Adam Woolliscroft

Adventures, Races, Kit and Life

Everest’s tent tantalising Yeti

In ancient mythology, the noises from the darkness beyond the camp fire were often associated with the presence demi-gods, roaming the realm that bridged the earth and the heavens or hell. In the Himalayas the fierce images of Yeti with its sharp claws and long teeth comfortably falls into this category.

We are already halfway though an epic adventure !

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We are mountain biking the 700km along the famous “Friendship Highway”, connecting topical Lhasa in Tibet, to Kathmandu in Nepal. We have tagged on the painstaking, rutted ascent to the Tibetan Everest base camp, which adds 300km. We have been cycling for several hard days and are rewarded with a rest day, camping at the beautiful Rongbuk Monastery.

Rongbuk Monastery is high in the Himalayas, just a few kilometers from Base camp. It’s blessed with incredible views of the roof of the world and its giant golden stuppa and masses of beautiful prayer flags make it possibly the most picturesque camp site in the world.

It’s inhabitants, the cheerful, maroon cloaked Buddhist monks, have long since gone to bed, as darkness and the associated cold has descended upon the scenic valley. It is 2am, and outside in the sub zero temperatures something is seriously amiss !

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At first I wonder if it was actually real or simply another vivid nightmare caused by the side effects of drugs I’ve been taking ? “Diamox” helps to increase the red bloods cells capability to carry oxygen molecules, which makes a massive difference to the amount of heavy panting or gasping for air, when there is just 60% of the sea level oxygen levels, at our current 5000m.

The tent is shakes furiously again and I’m pretty sure I am actually awake.

My father is fast asleep next to me. He’s taken several sleeping tablets to help him drop off at altitude. He has been suffering from mild effects of pulmonary edema, and has small amounts of fluid in his lungs, a physical reaction to grueling ascent from Lhasa to this altitude.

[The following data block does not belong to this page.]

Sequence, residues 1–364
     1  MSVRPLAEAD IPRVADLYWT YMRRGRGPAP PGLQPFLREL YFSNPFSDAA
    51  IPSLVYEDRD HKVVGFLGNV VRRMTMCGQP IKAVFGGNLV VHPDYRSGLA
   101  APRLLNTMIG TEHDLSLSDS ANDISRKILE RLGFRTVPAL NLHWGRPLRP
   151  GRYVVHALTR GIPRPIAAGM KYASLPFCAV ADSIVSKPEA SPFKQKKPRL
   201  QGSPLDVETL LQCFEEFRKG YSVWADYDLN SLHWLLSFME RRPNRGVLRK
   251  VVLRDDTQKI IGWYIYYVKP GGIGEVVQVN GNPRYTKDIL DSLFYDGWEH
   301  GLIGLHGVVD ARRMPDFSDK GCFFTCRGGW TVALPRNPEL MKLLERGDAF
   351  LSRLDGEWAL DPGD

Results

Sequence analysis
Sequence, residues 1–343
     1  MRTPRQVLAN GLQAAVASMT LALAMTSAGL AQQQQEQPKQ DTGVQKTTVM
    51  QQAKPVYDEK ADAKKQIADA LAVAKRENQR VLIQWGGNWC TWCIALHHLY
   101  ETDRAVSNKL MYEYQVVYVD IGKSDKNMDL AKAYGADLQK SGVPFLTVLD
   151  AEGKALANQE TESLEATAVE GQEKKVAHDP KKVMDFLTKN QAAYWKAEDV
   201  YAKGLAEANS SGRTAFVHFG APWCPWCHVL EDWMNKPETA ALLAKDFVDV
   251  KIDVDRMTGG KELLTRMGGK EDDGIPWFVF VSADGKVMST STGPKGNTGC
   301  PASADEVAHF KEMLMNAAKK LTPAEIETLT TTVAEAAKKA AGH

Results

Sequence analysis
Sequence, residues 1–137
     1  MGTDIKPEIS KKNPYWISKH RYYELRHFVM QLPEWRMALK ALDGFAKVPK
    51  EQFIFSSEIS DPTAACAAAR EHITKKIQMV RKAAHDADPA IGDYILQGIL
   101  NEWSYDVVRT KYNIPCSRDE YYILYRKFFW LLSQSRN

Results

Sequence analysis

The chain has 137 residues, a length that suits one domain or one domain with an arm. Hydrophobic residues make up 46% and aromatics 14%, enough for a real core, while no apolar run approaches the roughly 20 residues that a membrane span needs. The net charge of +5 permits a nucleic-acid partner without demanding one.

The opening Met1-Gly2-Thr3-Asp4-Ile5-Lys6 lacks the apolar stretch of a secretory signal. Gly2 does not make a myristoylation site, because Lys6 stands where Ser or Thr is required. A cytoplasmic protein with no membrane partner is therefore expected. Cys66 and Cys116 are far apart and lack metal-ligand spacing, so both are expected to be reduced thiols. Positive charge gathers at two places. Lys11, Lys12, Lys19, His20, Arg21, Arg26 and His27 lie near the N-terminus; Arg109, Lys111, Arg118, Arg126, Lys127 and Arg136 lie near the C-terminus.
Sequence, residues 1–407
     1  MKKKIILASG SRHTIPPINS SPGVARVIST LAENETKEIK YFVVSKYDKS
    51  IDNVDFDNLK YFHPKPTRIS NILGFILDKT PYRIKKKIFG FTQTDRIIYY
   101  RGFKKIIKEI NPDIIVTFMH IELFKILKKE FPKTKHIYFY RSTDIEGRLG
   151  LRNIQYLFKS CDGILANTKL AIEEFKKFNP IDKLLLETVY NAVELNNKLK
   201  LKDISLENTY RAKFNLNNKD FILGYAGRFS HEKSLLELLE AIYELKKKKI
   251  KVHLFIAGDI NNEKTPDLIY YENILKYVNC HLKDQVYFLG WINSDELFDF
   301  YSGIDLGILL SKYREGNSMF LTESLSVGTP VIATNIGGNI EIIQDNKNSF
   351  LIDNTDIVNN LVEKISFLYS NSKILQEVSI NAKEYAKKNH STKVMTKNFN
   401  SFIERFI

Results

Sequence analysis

So far he has put in a legendary performance. Keeping pace with 3 riders on average 25 years younger than him, for nearly 500km of meandering, rutted dirt trail. This includes 3 mammoth climbs, winding up remote mountain passes, with over 1km vertical ascent each time. Each 5200m pass climax’s in a wonderful mass of colourful prayer flags draped over rock formations and truly incredible views of Himalayas highest snow capped peaks. Every long climb has been more than worth the pain, so far.

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Dad snores then coughs, deep, very deep in his sleep. Unlike those childhood times when he saved me from the monsters under the bed I realize that he is not going to help to this occasion.

I grapple with the super snug, down sleeping bag that has been wrapped tightly, right up to my nose to protect me from the cold. Underneath I’m fully dressed to try and stay warm. I already have a woolly hat on and squeeze my head torch on top, then crawl to the tent flap. In my head I count 1, 2, 3 and then yank the zipper down. Nothing actually happens ! The condensation that has formed on the tent as yesterdays sun set, and the valley cooled, has frozen the zip closed !!

This is not good ! Whatever is out there now knows I’m coming !

The tent shakes again. This time even more violently ! I put all my weight on the zipper and firmly yank again. It gives and I fall forwards into the cold darkness outside.

It was far worse than I expected ! I find myself staring into the large black soulless eyes of what appears to be some huge, horned and hairy, devil like creature. A Tibetan Minotaur ! It grunts and a cloud of warm air is exhaled from its nostrils. It forms a fog in the light of my head torch. I close my eyes and hold my breath, preparing for the worst…..

Moments pass like hours and are finally interrupted by ….. my father contently snoring in the background. I dare to open an eye.. and then another ! Okay ! Maybe the Diamox has been playing slight tricks with my brain ! I’m nose to nose with a mountain yak. Note – It does not smell good! The poor thing has managed to get itself tangled in the tents guide ropes, in the darkness.

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The next day we wake up to a beautiful day and its back on the trail.

We have another three, 5,000m mountain passes to conquer and then can look forwards to the worlds longest decent ! This is a 200km descent down an incredibly scenic Jurassic park-esque valley, though the Nepalese border and then onwards to the chaotic hustle and bustle of Kathmandu, at just 1500m altitude. The decent is an adventure in itself ! But that is another tale……

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